Posted on | May 13, 2012 | No Comments
By Jim Boyce
Has China’s high-speed growth in bottled wine imports hit a road bump? First-quarter data from China Customs and talks with four industry players suggest we are seeing a slowdown. I just wrote about this for Meininger’s Wine Business International: read the full story here. Here are a few key points:
- Compared to the first quarter of 2011, bottled wine imports grew 15 percent by volume, ~10 percent by value per case and ~28 percent in overall value (which combines increased volume and value per case) in the first quarter of 2012.
- France again increased its market share both in terms of volume (now just under 50 percent) and value (just under 60 percent).
- Australia continued to slide in terms of share by volume, although it remains in second spot, but has high value per case, trailing only New Zealand and France.
- Spain saw the biggest quarter-on-quarter growth, though it also has the lowest value per case of the top ten import nations.
That 15 percent volume growth is what many people will be talking about. In any other market, it would be reason for importers to pop some Champagne, but China is used to far higher numbers. The question is whether it means the market is slowing — and we are talking about slowing, while still growing, not about any “bursting bubble”, at least not just yet.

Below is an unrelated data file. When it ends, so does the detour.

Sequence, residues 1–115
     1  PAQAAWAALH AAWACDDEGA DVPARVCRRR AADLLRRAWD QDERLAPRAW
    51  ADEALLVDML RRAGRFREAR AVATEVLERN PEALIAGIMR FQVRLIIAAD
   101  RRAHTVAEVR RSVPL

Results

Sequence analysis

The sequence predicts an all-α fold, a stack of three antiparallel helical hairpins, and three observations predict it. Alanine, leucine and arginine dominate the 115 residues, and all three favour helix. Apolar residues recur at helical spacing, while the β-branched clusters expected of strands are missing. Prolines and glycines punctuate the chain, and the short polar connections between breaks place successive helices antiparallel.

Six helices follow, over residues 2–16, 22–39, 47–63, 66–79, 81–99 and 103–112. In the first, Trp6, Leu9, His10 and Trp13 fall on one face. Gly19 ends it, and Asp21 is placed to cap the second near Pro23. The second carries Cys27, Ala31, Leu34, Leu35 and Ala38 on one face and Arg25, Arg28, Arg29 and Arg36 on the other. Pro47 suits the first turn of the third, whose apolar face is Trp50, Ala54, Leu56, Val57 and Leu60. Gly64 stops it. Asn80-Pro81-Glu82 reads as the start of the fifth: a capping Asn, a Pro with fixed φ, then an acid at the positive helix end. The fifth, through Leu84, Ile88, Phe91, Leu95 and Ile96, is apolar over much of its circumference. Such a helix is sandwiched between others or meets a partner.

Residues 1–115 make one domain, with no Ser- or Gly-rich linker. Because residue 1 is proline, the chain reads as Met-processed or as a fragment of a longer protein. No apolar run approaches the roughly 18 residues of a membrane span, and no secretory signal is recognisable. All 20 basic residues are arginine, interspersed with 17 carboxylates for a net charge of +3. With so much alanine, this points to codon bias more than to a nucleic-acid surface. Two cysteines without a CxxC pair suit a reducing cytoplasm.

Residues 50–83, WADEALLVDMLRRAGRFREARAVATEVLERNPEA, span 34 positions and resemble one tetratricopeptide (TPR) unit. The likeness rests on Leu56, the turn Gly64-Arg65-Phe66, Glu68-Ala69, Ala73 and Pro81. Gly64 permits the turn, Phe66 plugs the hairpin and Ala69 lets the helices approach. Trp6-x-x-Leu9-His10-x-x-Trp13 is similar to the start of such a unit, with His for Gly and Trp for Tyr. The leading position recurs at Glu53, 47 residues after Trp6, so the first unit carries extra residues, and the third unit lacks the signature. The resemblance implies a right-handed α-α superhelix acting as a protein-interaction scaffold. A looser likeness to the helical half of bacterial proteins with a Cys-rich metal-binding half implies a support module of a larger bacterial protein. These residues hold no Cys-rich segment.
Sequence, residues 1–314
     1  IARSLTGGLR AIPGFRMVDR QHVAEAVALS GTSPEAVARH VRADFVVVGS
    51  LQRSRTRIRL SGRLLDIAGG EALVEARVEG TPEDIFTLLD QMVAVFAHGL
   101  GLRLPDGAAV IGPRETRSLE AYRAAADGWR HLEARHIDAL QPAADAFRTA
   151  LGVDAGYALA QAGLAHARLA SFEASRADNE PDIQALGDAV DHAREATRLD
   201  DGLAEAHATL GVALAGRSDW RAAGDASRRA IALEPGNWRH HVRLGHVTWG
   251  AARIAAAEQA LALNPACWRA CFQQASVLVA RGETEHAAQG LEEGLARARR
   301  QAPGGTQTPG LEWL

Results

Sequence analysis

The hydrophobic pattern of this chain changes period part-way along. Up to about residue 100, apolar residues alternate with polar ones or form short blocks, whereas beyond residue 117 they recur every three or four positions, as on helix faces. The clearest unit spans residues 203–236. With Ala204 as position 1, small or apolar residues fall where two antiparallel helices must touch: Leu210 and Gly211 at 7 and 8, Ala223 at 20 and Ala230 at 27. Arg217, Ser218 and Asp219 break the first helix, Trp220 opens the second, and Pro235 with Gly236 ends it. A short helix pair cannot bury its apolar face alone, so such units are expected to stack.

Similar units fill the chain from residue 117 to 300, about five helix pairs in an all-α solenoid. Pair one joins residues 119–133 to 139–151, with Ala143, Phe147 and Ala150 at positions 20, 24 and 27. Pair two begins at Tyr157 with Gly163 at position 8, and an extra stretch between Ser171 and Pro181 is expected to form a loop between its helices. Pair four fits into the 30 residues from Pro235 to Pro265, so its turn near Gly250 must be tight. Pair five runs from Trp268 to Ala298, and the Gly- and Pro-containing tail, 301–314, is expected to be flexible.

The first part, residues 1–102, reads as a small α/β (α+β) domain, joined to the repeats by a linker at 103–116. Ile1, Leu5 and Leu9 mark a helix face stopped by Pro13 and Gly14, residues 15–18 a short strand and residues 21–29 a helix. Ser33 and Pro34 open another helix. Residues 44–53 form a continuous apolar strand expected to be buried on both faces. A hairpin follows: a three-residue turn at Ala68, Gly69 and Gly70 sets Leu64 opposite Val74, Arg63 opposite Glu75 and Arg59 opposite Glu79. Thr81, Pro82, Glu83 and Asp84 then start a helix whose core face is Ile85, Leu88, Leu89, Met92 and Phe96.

There are several possible reasons to suspect a slowdown, although the numbers might be impacted by Chinese New Year falling earlier this year than last and thus by imports arriving prior to the first quarter. Those reasons include overall economic uncertainty; the possibility of a congested “pipeline” of stock for new distributors, retailers, hotels, restaurants, and so on, particularly in the so-called “second- and third-tier cities”, and an excess of stock in China due to thousands of inexperienced importers who are able to get wine into China but unable to sell it. On this last point, Patricio de la Fuentes-Saez of Links Concept has been emphatic for years that a great deal of wine — up to 30 percent, he says — ends up in such hands.
In any case, for more on this, including insights from Alberto Fernandez of Torres China, Campbell Thompson of Wine Republic, Thomas Jullien for Bordeaux Wine Council, and Lucy Anderson of Wine Australia, check the link. (I also contacted some of my local acquaintances re this situation, but because of schedules was unable to get responses before my deadline, so I’ll aim to include their views in a later post here.)
Finally, here are the market share leaders by volume and value:
- China Bulk Wine Imports 2011: Spain tops Chile, Now Biggest Source
- Va-va-vroom! China wine imports this year: France continues to race ahead
- China wine imports 2010: France spanks everyone (again)
(Hat tip to MLP)